.NET Tech: OS-Independent Computing Strikes Again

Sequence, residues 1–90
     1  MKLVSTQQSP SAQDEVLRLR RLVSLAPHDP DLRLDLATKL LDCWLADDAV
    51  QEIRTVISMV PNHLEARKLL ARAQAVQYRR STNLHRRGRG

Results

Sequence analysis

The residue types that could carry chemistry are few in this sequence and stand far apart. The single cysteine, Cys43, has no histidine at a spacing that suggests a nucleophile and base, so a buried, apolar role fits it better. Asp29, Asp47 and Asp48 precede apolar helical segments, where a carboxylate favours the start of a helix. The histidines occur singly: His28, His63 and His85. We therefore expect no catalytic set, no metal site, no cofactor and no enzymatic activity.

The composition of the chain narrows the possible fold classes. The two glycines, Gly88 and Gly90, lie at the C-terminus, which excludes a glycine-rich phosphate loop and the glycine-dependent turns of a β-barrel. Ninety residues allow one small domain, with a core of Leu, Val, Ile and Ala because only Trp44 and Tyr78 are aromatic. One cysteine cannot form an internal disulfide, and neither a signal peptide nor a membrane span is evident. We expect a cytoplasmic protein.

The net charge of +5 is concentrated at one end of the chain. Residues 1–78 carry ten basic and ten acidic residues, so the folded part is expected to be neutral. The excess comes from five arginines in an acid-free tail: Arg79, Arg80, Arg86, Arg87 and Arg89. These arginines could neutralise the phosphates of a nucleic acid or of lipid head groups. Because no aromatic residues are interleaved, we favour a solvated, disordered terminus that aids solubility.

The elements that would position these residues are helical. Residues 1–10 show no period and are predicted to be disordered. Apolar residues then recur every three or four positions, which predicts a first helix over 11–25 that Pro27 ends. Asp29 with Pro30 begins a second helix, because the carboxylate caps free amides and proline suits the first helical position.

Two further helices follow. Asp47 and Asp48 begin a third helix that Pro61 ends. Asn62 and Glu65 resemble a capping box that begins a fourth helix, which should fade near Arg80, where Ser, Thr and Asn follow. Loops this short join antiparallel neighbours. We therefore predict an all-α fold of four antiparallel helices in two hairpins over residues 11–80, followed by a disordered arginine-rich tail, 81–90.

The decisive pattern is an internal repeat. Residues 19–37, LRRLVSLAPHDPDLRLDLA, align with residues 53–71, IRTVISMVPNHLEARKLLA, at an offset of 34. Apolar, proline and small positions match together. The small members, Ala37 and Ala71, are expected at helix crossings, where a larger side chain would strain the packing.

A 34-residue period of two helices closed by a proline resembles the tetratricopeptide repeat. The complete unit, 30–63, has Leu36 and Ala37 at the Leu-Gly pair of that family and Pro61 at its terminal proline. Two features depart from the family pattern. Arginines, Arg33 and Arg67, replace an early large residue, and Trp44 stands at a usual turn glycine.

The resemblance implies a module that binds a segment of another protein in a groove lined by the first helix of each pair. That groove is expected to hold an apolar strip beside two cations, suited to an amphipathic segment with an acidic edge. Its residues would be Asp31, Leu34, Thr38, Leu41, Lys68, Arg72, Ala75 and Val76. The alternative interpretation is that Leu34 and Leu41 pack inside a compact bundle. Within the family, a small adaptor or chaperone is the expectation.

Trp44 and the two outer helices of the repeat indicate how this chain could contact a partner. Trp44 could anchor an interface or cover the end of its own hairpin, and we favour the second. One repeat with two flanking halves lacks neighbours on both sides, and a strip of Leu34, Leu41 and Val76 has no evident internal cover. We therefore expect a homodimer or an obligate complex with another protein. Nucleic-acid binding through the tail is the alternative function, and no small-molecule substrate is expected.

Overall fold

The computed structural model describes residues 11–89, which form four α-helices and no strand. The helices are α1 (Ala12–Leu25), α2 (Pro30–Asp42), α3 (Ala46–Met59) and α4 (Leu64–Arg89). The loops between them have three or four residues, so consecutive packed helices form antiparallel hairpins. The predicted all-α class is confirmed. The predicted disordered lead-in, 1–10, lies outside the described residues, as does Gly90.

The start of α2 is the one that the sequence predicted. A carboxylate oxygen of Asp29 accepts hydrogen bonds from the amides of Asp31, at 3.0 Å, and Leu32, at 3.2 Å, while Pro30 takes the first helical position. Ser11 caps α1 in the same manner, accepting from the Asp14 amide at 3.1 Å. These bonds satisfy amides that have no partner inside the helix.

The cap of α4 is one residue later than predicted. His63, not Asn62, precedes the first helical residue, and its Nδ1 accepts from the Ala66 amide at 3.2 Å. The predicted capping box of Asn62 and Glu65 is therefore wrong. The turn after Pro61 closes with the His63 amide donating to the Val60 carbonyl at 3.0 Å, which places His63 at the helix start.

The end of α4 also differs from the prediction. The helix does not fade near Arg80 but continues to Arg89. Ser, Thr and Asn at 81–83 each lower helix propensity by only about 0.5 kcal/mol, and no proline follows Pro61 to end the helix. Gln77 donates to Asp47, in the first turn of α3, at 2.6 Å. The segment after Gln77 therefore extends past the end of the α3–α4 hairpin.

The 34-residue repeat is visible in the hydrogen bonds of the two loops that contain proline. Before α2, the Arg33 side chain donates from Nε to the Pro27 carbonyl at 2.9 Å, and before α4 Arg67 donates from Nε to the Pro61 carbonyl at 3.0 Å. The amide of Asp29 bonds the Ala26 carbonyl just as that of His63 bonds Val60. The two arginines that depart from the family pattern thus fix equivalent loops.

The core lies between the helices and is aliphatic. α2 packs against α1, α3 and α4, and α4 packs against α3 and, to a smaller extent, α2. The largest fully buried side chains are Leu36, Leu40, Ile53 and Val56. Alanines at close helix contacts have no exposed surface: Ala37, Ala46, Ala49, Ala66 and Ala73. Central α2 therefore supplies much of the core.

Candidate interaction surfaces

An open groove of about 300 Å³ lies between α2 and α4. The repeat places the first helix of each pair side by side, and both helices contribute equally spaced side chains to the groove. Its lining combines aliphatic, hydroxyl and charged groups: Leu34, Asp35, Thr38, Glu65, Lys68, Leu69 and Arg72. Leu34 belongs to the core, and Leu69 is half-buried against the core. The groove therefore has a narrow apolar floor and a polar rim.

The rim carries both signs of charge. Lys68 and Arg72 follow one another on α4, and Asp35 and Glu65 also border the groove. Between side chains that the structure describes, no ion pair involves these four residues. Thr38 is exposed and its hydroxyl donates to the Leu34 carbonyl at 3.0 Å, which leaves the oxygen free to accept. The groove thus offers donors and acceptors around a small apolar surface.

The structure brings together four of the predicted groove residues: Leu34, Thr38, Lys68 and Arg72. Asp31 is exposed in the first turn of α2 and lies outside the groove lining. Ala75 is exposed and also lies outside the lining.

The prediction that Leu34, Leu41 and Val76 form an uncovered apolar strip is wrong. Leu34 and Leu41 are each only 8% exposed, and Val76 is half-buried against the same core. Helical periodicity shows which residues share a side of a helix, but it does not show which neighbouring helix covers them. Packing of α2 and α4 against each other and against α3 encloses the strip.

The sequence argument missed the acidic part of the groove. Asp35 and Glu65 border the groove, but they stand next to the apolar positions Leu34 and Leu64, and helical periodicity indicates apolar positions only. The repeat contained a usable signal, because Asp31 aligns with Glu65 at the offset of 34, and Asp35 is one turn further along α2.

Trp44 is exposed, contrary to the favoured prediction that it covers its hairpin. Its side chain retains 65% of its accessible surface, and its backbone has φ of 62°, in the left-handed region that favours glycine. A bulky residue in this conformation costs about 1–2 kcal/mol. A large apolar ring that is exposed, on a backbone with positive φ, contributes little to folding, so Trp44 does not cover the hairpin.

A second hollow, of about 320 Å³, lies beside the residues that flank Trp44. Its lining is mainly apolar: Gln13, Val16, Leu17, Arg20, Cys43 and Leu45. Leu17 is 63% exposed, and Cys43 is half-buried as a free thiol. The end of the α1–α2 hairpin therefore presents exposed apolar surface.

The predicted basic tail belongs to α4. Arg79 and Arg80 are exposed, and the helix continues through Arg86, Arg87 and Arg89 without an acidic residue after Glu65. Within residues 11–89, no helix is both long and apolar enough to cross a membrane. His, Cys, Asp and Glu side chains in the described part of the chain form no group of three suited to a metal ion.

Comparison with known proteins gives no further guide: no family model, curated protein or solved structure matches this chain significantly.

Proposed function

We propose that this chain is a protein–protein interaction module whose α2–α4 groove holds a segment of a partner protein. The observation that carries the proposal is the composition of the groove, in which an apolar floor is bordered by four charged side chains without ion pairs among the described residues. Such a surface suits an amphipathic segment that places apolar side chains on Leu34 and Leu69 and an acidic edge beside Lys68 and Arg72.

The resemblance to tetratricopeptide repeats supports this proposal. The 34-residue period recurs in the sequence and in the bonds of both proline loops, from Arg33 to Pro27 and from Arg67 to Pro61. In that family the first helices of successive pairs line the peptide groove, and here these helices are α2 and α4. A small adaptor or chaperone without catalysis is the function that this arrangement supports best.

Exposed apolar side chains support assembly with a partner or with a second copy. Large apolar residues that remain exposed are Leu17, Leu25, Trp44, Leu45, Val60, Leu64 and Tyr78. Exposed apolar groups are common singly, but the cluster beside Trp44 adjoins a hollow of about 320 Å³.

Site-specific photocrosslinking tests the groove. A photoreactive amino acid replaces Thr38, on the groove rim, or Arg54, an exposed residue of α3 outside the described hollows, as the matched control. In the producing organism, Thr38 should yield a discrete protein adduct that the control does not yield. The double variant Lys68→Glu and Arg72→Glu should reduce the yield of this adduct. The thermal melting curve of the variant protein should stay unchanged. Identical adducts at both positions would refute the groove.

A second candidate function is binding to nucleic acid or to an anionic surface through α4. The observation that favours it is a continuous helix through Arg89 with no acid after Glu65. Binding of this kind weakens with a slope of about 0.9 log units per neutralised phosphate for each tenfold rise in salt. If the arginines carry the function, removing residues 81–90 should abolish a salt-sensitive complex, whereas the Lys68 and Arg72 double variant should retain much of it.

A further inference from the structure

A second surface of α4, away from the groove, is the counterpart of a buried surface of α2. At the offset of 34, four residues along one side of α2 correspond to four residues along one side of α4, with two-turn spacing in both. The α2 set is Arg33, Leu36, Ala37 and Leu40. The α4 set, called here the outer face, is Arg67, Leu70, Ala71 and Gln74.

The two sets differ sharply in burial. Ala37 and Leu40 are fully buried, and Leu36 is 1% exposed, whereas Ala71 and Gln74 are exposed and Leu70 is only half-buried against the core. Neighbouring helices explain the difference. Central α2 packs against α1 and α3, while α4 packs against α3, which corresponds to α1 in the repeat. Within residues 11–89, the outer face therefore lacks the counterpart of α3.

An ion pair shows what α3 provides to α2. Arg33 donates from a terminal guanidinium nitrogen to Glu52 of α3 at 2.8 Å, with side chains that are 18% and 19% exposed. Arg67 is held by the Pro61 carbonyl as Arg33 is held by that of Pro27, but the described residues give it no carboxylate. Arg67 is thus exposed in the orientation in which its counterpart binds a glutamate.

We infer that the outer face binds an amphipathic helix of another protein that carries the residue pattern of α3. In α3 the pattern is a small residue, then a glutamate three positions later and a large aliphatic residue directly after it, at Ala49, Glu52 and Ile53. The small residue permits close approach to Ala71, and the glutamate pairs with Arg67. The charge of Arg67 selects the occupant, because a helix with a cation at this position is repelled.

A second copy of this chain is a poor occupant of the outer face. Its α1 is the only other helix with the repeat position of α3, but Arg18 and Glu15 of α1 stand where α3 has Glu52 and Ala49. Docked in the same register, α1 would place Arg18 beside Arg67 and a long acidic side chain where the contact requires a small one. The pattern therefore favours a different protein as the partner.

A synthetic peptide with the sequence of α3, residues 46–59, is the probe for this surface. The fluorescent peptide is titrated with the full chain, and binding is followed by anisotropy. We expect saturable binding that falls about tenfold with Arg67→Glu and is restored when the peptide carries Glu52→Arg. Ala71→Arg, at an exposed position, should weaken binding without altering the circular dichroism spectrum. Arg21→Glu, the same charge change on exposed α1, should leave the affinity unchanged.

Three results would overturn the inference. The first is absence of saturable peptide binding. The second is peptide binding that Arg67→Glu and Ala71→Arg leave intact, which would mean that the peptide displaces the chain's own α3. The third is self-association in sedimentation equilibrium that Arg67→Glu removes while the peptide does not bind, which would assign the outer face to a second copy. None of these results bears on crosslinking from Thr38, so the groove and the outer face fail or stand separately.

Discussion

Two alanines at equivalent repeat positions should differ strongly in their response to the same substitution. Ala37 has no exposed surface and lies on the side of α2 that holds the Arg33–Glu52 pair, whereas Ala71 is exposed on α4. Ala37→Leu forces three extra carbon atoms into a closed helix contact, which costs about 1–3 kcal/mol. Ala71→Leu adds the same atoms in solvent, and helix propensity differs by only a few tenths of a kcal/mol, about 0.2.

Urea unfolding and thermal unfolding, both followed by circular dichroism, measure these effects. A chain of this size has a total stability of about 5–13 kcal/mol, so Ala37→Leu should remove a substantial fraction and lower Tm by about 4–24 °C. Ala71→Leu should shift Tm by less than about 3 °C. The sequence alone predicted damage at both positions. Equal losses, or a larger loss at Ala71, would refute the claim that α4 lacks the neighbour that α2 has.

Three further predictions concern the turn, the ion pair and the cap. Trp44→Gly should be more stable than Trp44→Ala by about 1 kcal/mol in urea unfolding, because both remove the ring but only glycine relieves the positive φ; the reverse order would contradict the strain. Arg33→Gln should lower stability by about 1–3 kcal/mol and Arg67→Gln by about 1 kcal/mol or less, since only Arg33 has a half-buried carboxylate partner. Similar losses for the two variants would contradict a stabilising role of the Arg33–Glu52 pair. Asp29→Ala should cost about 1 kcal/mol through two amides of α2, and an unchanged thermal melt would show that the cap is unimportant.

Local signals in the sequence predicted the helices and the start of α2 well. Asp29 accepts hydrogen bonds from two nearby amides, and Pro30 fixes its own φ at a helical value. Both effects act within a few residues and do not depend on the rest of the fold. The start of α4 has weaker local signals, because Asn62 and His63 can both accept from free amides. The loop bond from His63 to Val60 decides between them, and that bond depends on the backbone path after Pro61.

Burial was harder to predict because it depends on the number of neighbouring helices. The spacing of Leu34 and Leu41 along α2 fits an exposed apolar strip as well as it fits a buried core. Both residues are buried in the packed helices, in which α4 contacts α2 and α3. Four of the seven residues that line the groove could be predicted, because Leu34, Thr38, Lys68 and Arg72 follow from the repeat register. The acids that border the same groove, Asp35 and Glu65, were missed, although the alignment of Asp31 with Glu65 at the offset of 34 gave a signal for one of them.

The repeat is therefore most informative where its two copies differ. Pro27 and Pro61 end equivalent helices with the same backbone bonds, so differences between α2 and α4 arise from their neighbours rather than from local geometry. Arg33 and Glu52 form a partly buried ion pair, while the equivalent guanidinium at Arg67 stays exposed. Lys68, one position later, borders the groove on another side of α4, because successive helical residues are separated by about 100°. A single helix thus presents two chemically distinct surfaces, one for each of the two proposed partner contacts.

Let's say you're browsing the Web looking for information about programming models and you come across this definition: " ... an architecture that enables pieces of programs to communicate with one another regardless of what programming language they were written in or what operating system they're running on." Sound familiar? It might, but that's a definition (according to PCWebopaedia.com) of the Common Object Request Broker Architecture (CORBA), not .NET. Both COM and CORBA solve some of the same problems that the .NET architecture solves. But one big difference between COM and CORBA and .NET is that COM and CORBA use Microsoft Interface Definition Language (IDL) files, but .NET does not. When a developer creates a program with COM, she writes a separate IDL file to accompany the program. The IDL file represents the interfaces that the server processes provide or require, listing both standard types for the language and any programmer-defined types that the application uses. (In this context, a type is "a type of data," which is important because programs work differently with data depending on what kind of data it is. As a simple example, if you type numeric data as numbers, then 2 + 2 = 4, but if you type the data as string data, then 2 + 2 = 22. With object-oriented programming, a developer can define new data types as needed.) When the IDL is compiled, the compiler can generate and write metadata to a file that client processes can use to discover which data types the program uses and the interfaces to those types. The IDL compiler also creates proxy objects that translate data types among machine architectures and among various execution models of programming languages. IDL-based architectures such as COM and CORBA work, but they have limitations that .NET is intended to mitigate. One difficulty with IDLs is that you must write them in C or C++, which complicates life for those who don't code in either language. Also, IDLs have only limited support for some facilities, such as method overloading (in which a class has multiple methods and the compiler chooses the most appropriate one for the parameters). A third limitation is that the metadata that the client processes use to identify the data types and their interfaces is separate from the IDL, which means that a developer might have a type's metadata (type library) but not its implementation files, or vice versa. The metadata might also be based on an old version of the IDL file, so it might not be consistent with the current type interfaces. Finally, the IDLs define the type interfaces, not the types themselves, so if the developer changes the behavior associated with a type, then that change won't automatically affect the subtypes below the interfaces. Again, these limitations don't mean that programming architectures that use IDL files don't work--such architectures been working for about 10 years. But using IDL files can lead to complications, and addressing those complications is part of the .NET architecture's mission.